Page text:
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Ahead in new polls, Romney aims for Newt knockout

Brian Snyder / Reuters

Republican presidential candidate Mitt Romney greets supporters at a campaign rally in Naples, Fla., on Sunday.

By NBC's Garrett Haake 

NAPLES, Fla. -- The days of subtle contrast with Republican candidates and a focus exclusively on President Obama appear to be over for Mitt Romney, who Sunday morning wasted no time throwing verbal haymakers at Newt Gingrich, looking for a knockout.

At his best-attended rally yet this campaign cycle, Romney opened his address with a flurry of attacks against Gingrich, urging the former speaker to give up his "excuses," including for poor debate performances, and attempting to tie him to failed housing giants Fannie Mae and Freddie Mac.

"He’s now finding excuses everywhere he can. He’s on TV this morning going from station to station complaining about what he thinks were the reasons he thinks he’s had difficulty here in Florida, but you know, we’ve got a president who has a lot of excuses, and the excuses are over, it’s time to produce," Romney said. 

"it’s time to look in the mirror," Romney said. "And my own view is the reason that Speaker Gingrich has been having a hard time in Florida is that people of Florida have watched the debates, have listened to the speaker, have listened to the other candidates and have said, you know what, Mitt Romney’s the guy we’re going to support." 

Segueing straight into the issue of housing, with which the Romney campaign has hammered both Gingrich and President Obama since arriving in Florida last week, Romney blamed government intrusion into the housing market for Florida's precipitous drop in housing prices and the epidemic of foreclosures here. He reminded the crowd of Gingrich's contract with housing giant Freddie Mac, and proceeded to lash the two together as another cause of Gingrich's slide in the latest Florida polls.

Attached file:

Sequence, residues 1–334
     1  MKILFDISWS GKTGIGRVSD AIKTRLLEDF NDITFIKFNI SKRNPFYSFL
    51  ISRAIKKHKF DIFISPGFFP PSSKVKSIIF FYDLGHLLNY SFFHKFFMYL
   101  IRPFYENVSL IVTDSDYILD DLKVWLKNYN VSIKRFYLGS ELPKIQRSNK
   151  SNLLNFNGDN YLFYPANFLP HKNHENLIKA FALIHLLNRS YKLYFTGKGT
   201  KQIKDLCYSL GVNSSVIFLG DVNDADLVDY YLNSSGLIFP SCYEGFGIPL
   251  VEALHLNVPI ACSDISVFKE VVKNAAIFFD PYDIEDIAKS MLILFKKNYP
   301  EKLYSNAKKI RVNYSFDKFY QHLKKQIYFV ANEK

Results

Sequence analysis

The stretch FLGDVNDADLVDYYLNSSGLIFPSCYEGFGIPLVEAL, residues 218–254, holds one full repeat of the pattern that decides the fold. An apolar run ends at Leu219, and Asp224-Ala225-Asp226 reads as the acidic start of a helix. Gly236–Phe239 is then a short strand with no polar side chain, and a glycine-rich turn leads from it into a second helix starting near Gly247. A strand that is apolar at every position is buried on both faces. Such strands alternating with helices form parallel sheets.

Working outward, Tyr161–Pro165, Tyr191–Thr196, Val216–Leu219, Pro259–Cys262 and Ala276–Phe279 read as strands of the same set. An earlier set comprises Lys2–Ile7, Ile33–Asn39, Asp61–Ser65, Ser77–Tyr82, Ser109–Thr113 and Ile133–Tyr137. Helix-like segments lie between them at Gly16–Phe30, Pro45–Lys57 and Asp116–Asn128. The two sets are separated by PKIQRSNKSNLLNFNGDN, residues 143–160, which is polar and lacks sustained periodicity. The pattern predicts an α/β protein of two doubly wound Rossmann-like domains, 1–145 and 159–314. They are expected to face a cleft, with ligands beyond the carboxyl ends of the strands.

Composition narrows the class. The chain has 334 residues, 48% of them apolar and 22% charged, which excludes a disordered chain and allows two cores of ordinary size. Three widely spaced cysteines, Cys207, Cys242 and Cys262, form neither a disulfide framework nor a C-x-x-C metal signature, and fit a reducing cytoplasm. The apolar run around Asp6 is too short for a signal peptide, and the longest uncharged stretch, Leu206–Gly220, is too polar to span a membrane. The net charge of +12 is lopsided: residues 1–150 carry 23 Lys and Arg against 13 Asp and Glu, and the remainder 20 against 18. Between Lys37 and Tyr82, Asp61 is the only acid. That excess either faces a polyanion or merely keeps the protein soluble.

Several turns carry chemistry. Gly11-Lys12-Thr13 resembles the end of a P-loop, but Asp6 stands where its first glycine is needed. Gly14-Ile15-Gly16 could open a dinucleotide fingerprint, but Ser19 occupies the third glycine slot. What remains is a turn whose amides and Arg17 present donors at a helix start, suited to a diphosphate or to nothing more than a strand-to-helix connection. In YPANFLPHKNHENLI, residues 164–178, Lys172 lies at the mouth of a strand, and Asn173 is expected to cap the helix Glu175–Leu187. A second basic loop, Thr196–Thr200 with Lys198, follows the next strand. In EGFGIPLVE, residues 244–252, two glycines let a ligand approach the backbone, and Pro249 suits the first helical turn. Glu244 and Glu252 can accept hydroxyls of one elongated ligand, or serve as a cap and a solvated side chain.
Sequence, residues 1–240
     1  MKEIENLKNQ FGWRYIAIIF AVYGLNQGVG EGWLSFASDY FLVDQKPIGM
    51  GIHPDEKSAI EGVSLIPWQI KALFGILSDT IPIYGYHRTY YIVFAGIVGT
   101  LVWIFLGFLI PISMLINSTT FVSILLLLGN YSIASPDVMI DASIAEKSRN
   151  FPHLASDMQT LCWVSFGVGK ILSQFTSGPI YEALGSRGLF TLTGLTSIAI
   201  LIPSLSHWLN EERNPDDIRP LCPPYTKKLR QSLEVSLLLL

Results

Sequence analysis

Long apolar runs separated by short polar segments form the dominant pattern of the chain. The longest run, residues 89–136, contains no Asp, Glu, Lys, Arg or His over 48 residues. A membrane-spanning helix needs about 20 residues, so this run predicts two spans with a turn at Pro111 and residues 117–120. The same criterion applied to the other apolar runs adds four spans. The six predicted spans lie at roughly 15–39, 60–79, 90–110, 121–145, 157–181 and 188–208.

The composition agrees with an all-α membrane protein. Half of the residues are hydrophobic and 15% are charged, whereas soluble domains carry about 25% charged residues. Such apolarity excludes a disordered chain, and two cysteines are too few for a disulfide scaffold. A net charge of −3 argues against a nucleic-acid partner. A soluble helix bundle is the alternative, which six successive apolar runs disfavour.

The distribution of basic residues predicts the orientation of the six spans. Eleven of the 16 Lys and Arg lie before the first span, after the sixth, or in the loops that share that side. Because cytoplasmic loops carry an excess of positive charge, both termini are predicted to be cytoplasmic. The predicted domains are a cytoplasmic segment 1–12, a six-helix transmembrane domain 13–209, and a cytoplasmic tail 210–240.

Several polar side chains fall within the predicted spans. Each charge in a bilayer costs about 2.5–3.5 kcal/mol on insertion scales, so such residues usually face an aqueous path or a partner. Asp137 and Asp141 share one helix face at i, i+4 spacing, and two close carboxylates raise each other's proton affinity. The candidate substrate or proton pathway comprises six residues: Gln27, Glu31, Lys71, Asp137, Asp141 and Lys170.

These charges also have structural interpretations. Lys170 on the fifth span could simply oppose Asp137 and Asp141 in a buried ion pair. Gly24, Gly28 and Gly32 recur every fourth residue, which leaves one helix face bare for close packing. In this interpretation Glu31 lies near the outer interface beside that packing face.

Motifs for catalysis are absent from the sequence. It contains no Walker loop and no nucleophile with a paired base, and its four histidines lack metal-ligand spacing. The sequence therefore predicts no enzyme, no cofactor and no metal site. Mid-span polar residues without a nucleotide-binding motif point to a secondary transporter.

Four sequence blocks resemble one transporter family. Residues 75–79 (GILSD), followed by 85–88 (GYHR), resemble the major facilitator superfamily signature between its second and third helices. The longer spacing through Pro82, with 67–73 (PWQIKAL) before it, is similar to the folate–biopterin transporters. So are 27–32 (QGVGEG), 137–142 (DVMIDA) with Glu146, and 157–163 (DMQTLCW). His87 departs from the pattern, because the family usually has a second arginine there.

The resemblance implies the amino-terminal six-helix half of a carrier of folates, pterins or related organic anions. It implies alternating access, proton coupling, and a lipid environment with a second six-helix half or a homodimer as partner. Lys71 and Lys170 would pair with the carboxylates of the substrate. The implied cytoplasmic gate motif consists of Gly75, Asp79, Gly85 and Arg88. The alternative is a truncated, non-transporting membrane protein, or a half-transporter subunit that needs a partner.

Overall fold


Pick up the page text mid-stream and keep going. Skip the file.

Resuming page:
"So Mr. Speaker, your trouble in Florida is not because the audience is too quiet or too loud, or because you have opponents that are tough. Your problem in Florida is that you worked for Freddie Mac at a time when Freddie Mac was not doing the right thing for the American people, and that you're selling influence in Washington at a time when we need people who will stand up for the truth in Washington," Romney said.

 The New York Times reported Sunday morning that the strategy of deploying a "meaner" Mitt Romney was a deliberate one by the campaign, which learned a hard lesson after essentially letting Gingrich back up off the mat after Iowa, only to be stung by a 12-point defeat in South Carolina last week. 

Now, even as a new NBC News/Marist poll shows Romney opening a 15-point lead in the Sunshine State, the Romney campaign has refused to let up on Gingrich on any front. In addition to Romney's frontal assault, the campaign released a new web video attacking Gingrich for his ethics violation in the 1990s, and using surrogates like Rep. Connie Mack IV (R-Fla.) to draw further contrast with Gingrich, and push back on the former speaker's efforts to label Romney a liar.

 "There are others in this race that have a very checkered past when it comes to ethics and honesty. But not Mitt Romney," Mack said as part of his introduction for Romney. "He’s someone we can believe in and trust."